Stephen McAlpine: When The Bodies Start Washing Up On The Shore

Stephen McAlpine talks about the casualties of the Sexual Revolution and the people who defend child abuse when it’s committed by their leftist heroes. Not so much tolerance for other perpetrators who have not been pre-approved such as Rolf Harris or alleged perpetrator George Pell. Just another but of lefty double standard I suppose.

As McAlpine suggests there is a huge tsunami of damage wrought by the Sexual Revolution and it is only going to get worse through the generations.

When The Bodies Start Washing Up On The Shore

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It’s been my contention that the bodies of the Sexual Revolution tsunami will eventually start to wash up on the shore.

It’s also been my contention that the church has to be prepared for that time; to put behind it its sin of falling under the spell of that cultural narrative, admitting it has been complicit in it, and first living, then telling a better story.

The liberal arm of the church decided the future lay in accepting the Sexual Revolution – only at half speed.

Many within the evangelical arm of the church decried the sexual revolution, only to practice it “in-camera”, but is now being exposed by camera for its hypocrisy.

It’s always a good time to repent.  But no time like the present, for the bodies are starting to wash up on the shore.

Thick and fast.

This came home to me reading the harrowing account of two of the children of one of the revolution’s sexual heroes, the Australian playwright and poet Dorothy Hewett in the Weekend Australian newspaper.

In my university days Hewett was lauded as pinnacle of the new age, the sexually free age in which the old repressed ways were being laundered out of our culture, and the utopian dreams of the sexual sixties and early seventies were being realised.

Only those dreams are now becoming a nightmare. Hewett’s daughters, Rozanna and Kate, have revealed that the sexual liberty of their household was a sexual dungeon in which adult men repeatedly forced both girls into sex, often at their mother’s tacit approval, and more tragically, as a way to further her own interests and image as a new age libertine.

What’s more galling is how many of those men were the heroes of the progressive narrative in Australia over the past forty years, including the late writer and film director Bob Ellis, whose every utterance and written word was viewed as gospel by the sexular Left, and who was also a speech writer for  ALP luminaries.

The searing concern, however, is that the girls thought these sexual encounters were the new normal, the way things were to be.  At least they did back then when it was happening, as Kate says in the article, there was no coercion:

“…just an understanding that he wanted to have sex with me and I just did…whenever he turned up, he’d have sex with me.  I didn’t at the time think that some big terrible thing…I was reasonably neutral about it.  I didn’t hate him.”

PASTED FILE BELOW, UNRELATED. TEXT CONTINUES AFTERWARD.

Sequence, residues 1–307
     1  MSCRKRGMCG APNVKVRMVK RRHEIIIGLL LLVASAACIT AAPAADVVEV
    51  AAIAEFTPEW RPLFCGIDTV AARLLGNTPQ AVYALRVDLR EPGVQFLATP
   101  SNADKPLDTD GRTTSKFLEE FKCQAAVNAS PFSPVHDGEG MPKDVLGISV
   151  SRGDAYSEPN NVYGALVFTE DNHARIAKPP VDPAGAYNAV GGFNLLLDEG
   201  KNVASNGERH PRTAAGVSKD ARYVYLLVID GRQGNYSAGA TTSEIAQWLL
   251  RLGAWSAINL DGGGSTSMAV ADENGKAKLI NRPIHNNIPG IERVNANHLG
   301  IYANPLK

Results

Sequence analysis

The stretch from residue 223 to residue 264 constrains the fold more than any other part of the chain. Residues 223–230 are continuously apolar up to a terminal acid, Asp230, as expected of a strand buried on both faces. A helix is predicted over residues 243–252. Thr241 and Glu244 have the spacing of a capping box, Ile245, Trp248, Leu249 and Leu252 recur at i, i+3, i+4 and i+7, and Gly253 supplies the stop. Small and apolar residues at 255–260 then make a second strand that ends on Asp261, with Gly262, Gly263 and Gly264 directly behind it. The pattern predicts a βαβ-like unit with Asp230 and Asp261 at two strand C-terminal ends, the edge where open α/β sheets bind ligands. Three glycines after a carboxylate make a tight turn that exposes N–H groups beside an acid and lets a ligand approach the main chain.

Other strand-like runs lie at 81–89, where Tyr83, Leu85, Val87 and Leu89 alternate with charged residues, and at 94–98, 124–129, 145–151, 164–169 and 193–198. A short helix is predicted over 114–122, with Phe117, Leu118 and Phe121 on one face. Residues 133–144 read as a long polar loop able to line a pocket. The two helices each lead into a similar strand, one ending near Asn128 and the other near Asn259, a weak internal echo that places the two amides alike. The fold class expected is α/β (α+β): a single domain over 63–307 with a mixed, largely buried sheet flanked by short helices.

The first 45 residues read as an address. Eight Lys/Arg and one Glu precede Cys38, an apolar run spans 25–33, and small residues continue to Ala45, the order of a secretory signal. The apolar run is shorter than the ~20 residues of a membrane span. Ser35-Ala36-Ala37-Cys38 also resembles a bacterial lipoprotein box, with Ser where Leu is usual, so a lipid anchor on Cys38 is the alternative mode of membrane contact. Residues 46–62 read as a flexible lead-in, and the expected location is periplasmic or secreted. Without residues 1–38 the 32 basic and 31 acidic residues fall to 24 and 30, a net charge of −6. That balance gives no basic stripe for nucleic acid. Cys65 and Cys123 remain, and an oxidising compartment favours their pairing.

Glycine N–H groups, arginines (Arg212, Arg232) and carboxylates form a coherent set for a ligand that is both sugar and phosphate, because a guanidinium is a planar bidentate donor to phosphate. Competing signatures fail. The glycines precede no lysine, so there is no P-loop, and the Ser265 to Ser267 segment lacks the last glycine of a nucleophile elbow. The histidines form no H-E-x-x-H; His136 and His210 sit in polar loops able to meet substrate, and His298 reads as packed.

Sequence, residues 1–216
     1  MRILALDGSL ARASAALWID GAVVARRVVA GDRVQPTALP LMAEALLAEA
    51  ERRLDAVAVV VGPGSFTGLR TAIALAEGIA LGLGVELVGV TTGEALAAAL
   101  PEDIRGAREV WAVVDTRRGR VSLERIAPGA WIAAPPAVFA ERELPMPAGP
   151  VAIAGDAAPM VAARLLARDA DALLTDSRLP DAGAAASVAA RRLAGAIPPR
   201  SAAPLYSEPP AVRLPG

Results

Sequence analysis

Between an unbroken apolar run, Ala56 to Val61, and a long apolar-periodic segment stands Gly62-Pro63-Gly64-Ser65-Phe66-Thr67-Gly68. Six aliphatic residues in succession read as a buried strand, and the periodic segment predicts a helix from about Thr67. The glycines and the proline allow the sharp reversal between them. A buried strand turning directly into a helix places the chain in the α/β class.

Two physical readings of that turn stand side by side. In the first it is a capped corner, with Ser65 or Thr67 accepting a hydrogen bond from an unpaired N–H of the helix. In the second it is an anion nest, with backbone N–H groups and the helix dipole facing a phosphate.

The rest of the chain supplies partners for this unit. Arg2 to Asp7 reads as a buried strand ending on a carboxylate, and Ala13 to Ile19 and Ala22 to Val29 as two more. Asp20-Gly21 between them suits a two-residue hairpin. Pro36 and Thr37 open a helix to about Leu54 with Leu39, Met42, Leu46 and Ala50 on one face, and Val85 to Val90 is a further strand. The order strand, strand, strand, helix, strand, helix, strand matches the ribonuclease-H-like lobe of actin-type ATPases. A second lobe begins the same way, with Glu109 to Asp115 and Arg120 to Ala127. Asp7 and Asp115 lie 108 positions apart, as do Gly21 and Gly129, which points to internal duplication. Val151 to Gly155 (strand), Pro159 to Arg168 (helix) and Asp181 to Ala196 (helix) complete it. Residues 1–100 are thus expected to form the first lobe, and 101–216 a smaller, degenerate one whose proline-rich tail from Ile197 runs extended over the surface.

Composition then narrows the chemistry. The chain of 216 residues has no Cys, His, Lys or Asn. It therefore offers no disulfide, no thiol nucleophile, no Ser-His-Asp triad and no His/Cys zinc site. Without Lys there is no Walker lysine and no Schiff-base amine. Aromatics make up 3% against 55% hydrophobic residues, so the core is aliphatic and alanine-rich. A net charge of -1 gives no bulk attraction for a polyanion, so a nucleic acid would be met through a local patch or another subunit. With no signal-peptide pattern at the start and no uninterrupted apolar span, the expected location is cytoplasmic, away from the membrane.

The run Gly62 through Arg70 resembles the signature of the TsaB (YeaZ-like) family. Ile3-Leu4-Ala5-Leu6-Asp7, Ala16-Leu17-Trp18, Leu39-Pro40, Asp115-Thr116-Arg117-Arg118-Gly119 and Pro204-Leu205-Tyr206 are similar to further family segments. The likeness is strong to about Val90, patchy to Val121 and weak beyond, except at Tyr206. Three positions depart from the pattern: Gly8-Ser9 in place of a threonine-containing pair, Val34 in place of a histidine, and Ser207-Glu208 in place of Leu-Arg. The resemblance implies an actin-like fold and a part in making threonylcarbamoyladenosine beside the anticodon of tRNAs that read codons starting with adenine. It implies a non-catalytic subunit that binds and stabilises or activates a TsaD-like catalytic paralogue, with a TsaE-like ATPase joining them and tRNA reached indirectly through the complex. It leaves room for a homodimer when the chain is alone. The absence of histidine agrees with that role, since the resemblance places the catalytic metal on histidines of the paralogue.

Rozanna recalls it like this as she and her sister slept with men twice their age:

“We felt we were special people doing special things.”

Special things like realising Mummy’s dream of a sexual utopia.

Well that’s alright then.  Except of course it wasn’t.  And for both of the girls, the dream has turned into a nightmare. Both women, now in later middle age, have been living the life if anti-depressants, therapy for decades, and a fear of the backlash of telling the stories which indict the literati and pop cultural icons of our fair land.

When Ellis died everyone lined up to laud him, from former Prime Ministers to journalists, artists and other bastions of our arts scene.  But with the bodies washing up on the shore, those days of hagiography are over.

The interesting thing is, however, those who decry the sexual revolution can carry on all they like about the body count, it’s only when the revolution’s former advocates and children line up to put the boot in that anyone sits up and takes notice.

Hence we get this in The Guardian:

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Delaney states:

finding out your literary hero is not only a grub, but had sexually abused underage girls, forces a major reconsideration of the man and his work.

Yes I imagine it must.

But not for all:

I’ve spoken this week to half a dozen people who knew Ellis (although not during the era Hewett’s parties took place – their friendship with him was more recent) and one or two are of the opinion “judge the times, not the person”. The rest of us are taking our weighty copies of Goodbye Jerusalem off the shelf and hurling them across the room.

In other words, the secular church is at as much pains to protect its sainted ones as the actual church has disgracefully, been. Of course this all happened forty years ago.  So let’s judge the times, and not the person, as per the request.

Read the rest of the story here

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